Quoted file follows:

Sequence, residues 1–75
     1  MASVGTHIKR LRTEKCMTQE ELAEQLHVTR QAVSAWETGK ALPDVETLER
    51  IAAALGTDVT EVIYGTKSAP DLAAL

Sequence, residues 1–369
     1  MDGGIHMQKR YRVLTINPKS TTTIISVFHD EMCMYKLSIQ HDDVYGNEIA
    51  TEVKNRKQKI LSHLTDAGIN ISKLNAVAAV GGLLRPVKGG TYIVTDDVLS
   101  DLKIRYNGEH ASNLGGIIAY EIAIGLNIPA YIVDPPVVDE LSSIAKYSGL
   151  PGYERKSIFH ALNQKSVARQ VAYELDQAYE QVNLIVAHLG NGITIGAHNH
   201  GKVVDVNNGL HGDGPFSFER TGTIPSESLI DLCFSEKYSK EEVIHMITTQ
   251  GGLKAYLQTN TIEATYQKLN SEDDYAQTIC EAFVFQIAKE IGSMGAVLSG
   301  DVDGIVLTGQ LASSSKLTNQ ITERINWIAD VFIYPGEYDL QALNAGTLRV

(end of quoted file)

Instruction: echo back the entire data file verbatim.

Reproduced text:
Sequence, residues 1–75
     1  MASVGTHIKR LRTEKCMTQE ELAEQLHVTR QAVSAWETGK ALPDVETLER
    51  IAAALGTDVT EVIYGTKSAP DLAAL

Sequence, residues 1–369
     1  MDGGIHMQKR YRVLTINPKS TTTIISVFHD EMCMYKLSIQ HDDVYGNEIA
    51  TEVKNRKQKI LSHLTDAGIN ISKLNAVAAV GGLLRPVKGG TYIVTDDVLS
   101  DLKIRYNGEH ASNLGGIIAY EIAIGLNIPA YIVDPPVVDE LSSIAKYSGL
   151  PGYERKSIFH ALNQKSVARQ VAYELDQAYE QVNLIVAHLG NGITIGAHNH
   201  GKVVDVNNGL HGDGPFSFER TGTIPSESLI DLCFSEKYSK EEVIHMITTQ
   251  GGLKAYLQTN TIEATYQKLN SEDDYAQTIC EAFVFQIAKE IGSMGAVLSG
   301  DVDGIVLTGQ LASSSKLTNQ ITERINWIAD VFIYPGEYDL QALNAGTLRV